How to become a legal public relations star: Be like Jack

February 6, 2018

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Becoming a trusted media source can be an incredible boon for lawyers and other professional services providers such as accountants, architects and management consultants.

The media’s third-party credibility provides nearly the same power as a personal referral — the gold standard in professional services marketing. And, when compounded over and over again (with multiple media appearances), it can even beat personal referrals.

But becoming a media star is no easy task. Yet somehow, some attorneys are always quoted and featured in top media outlets, over and over again. Take Jack, for example.

How does Jack do it?

Jack Sharman is head of the white-collar practice at the Birmingham, Alabama-based litigation firm Lightfoot, Franklin & White. He is regularly quoted and featured in The Washington Post, Bloomberg, Reuters, USA Today and The New York Times and has been a guest on “The Today Show,” “Meet the Press Daily” and “The 11th Hour with Brian Williams.”

Since his firm began working with us nearly a year ago, Jack has truly embraced our legal PR strategies and become a trusted media resource. How does Jack do it? Here are six ways you can be a media star like Jack:

1. Jack is a bonafide expert.

There’s no way around this one. As the media continues to consolidate, and top media outlets like The New York Times and The Wall Street Journal flourish, your credentials are incredibly important to achieving media success.

In 2016, the Alabama House of Representatives Judiciary Committee retained Jack as special counsel to guide its impeachment investigation of then-Governor Robert Bentley. However, that was not his first time in this role. Jack served as special counsel in the mid-1990s to the House Banking Committee (now called the Financial Services Committee) in the Whitewater investigation of President Bill Clinton.

So Jack knows a thing or two about congressional investigations and the unique role of a special counsel. And what’s happening right now that Jack can provide the media insight on? Anyone? Anyone? Mueller? Mueller?. That’s right, the Trump Russia investigation.

Source: Hughes, John, et al. Ferris Bueller’s Day Off

But there are lots of top national law firms with congressional investigations practices (simply google “congressional investigations practice” to get a sense of Jack’s competition). There have even been other, higher-profile special counsel. (Anyone remember Ken Starr?) So how did Jack Sharman rise to the top of the media fray?

2. Jack is helpful.

Jack doesn’t always talk about himself. In fact, he rarely talks about himself other than to provide his credentials so that media knows he’s achieved step #1 (see above: bonafide expert status).

Jack draws upon his decades of experience to break down complicated, fast-moving issues for reporters who are time-stretched and cover an ever-increasing array of complex topics.

3. Jack knows what reporters want.

Jack was an eager student of ours. We taught him what journalists want, and he now uses that knowledge to zero in on the most important issues, never wasting any time. He doesn’t ramble, never uses jargon and gets straight to the heart of the issue.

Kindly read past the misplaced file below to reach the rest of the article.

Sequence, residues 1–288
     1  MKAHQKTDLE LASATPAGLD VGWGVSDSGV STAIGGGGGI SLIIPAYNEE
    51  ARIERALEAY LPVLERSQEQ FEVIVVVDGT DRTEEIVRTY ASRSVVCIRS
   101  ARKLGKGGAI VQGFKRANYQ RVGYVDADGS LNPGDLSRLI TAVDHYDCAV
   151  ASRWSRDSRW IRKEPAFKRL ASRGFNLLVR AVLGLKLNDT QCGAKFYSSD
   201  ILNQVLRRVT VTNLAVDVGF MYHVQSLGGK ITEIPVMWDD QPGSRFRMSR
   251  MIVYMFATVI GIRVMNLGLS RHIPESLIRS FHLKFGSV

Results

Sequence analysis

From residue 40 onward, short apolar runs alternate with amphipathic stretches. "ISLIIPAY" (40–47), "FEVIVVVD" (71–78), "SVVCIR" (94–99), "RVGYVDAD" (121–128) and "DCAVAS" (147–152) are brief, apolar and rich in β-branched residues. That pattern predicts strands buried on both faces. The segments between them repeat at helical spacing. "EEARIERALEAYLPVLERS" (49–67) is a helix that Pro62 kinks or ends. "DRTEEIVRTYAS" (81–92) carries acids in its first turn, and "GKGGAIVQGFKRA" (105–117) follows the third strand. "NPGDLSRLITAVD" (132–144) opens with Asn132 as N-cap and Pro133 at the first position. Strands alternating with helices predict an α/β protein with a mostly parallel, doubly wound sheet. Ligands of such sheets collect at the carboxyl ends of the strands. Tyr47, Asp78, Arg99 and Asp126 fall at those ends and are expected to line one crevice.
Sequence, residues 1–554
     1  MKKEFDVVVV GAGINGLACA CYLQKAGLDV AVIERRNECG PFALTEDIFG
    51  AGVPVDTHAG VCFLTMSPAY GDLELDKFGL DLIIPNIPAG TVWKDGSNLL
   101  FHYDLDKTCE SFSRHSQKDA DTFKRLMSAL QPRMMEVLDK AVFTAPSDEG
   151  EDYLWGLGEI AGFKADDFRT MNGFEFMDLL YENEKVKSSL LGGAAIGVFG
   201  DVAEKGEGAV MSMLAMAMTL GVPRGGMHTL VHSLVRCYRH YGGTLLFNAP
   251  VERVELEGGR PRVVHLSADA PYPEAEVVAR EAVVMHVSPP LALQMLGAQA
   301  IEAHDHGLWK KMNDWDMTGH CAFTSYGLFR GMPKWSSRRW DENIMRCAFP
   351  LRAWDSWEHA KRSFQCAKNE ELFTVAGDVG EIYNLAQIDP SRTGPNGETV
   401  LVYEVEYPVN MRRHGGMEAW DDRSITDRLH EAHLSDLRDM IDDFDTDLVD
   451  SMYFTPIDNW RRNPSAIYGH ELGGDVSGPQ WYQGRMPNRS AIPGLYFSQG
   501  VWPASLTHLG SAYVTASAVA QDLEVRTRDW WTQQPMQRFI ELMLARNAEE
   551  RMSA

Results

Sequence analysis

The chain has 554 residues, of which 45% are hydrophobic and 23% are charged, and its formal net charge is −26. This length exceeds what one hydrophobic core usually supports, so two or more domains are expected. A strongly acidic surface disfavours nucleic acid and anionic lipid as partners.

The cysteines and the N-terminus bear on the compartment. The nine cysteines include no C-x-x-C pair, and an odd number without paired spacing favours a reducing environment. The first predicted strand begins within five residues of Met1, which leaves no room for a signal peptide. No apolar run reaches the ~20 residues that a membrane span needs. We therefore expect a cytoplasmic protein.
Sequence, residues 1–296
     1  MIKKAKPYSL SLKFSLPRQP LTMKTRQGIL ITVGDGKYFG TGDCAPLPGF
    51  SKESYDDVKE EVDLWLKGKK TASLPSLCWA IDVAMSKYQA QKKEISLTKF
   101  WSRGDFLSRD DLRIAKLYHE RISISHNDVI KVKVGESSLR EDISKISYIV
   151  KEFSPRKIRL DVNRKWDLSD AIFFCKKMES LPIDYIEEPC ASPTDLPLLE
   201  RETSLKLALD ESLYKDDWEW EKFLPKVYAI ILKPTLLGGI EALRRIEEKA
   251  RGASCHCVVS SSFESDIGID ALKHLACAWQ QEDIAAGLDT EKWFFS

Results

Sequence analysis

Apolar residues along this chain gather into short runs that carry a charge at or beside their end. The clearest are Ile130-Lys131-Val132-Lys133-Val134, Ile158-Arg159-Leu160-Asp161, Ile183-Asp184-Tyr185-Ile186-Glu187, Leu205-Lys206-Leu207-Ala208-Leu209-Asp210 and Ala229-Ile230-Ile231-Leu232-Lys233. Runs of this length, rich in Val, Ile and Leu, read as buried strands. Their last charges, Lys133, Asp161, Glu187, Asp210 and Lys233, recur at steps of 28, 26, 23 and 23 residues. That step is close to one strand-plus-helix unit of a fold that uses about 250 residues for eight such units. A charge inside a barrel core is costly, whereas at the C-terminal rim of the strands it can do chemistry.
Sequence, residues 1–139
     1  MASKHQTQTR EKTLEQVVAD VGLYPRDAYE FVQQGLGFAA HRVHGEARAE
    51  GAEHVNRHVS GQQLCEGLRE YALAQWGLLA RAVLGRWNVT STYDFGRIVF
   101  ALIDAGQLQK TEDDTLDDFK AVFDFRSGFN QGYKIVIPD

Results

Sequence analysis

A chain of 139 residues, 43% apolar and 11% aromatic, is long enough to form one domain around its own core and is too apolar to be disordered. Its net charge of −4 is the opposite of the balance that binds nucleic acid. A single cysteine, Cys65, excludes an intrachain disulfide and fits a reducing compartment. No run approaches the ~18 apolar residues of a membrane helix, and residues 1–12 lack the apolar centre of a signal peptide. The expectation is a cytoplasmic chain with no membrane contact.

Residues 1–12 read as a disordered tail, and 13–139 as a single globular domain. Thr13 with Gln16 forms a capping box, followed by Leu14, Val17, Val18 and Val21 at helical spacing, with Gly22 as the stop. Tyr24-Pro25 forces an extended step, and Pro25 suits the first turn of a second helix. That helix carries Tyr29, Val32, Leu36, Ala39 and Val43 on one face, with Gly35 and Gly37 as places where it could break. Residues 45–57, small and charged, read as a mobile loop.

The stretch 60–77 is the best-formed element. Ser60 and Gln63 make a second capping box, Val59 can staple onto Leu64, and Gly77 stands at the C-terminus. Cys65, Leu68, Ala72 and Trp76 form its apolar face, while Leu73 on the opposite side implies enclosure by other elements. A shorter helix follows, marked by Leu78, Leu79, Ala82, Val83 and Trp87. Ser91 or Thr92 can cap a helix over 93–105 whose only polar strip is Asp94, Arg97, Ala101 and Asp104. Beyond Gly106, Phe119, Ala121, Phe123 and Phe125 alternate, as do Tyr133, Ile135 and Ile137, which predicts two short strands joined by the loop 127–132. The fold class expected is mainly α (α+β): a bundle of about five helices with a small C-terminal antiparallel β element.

He answers questions such as:

    • Why is this recent development important?
    • What’s the relevance?
    • What does this mean?
    • What’s likely to happen next?

This makes him an incredibly valuable media resource.

4. Jack is fast.

When Michael Flynn pled guilty to lying to the FBI, we issued a quote from Jack to our media contacts that morning. Not that afternoon. Not the next day. That. Very. Morning. We could do this because Jack sent us his quote while the news was breaking.

The result? USA Today. Washington Post (he was actually quoted twice that day). MSNBC’s “Meet the Press Daily.”

How to become a legal public relations star: Be like Jack

The quote succinctly gave the media Jack’s take on the plea — its significance and value as an investigative tool for Special Counsel Robert Mueller. This showed journalists Jack’s insight on the topic and how he would be able to contribute to interviews.

5. Jack is accessible.

We have Jack’s email, mobile and office number. He lets us know in advance when he is going to be unreachable.

Jack is willing to talk to the media on their timeline. He knows windows close fast in the 24-hour news cycle, so he responds quickly. He’s done interviews after close of business and even on Sundays so a Bloomberg reporter could file his story first thing Monday morning.

He’s also an active blogger and shares his posts with us, providing us additional insight into the kinds of topics we can pitch him on.

6. Jack partners with his PR agency.

Some people are natural at PR. But even Jack needed to learn how the process worked. Once Jack saw firsthand that by demonstrating to reporters how he could add value to their stories, they would be more likely to talk to him (and then come back again), he quickly became one of our best clients.

Jack values our public relations expertise and national media contacts, and we value his legal expertise and newly earned PR savvy. By combining them, we’ve been able to achieve impressive results.

Do you have questions about securing media coverage or want to become a media star like Jack? Contact me at michelle@rep-ink.com or 904-374-5733.

 
 
 

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About the Author
Michelle Calcote King

Michelle Calcote King is an award-winning marketer with nearly 20 years of expertise in all things marketing, content, media and public relations. Specializing in highly complex industries, she leverages superior writing skills, media savvy and a love of all things digital to move her clients’ businesses forward.

Read my full bio or connect with me on LinkedIn.

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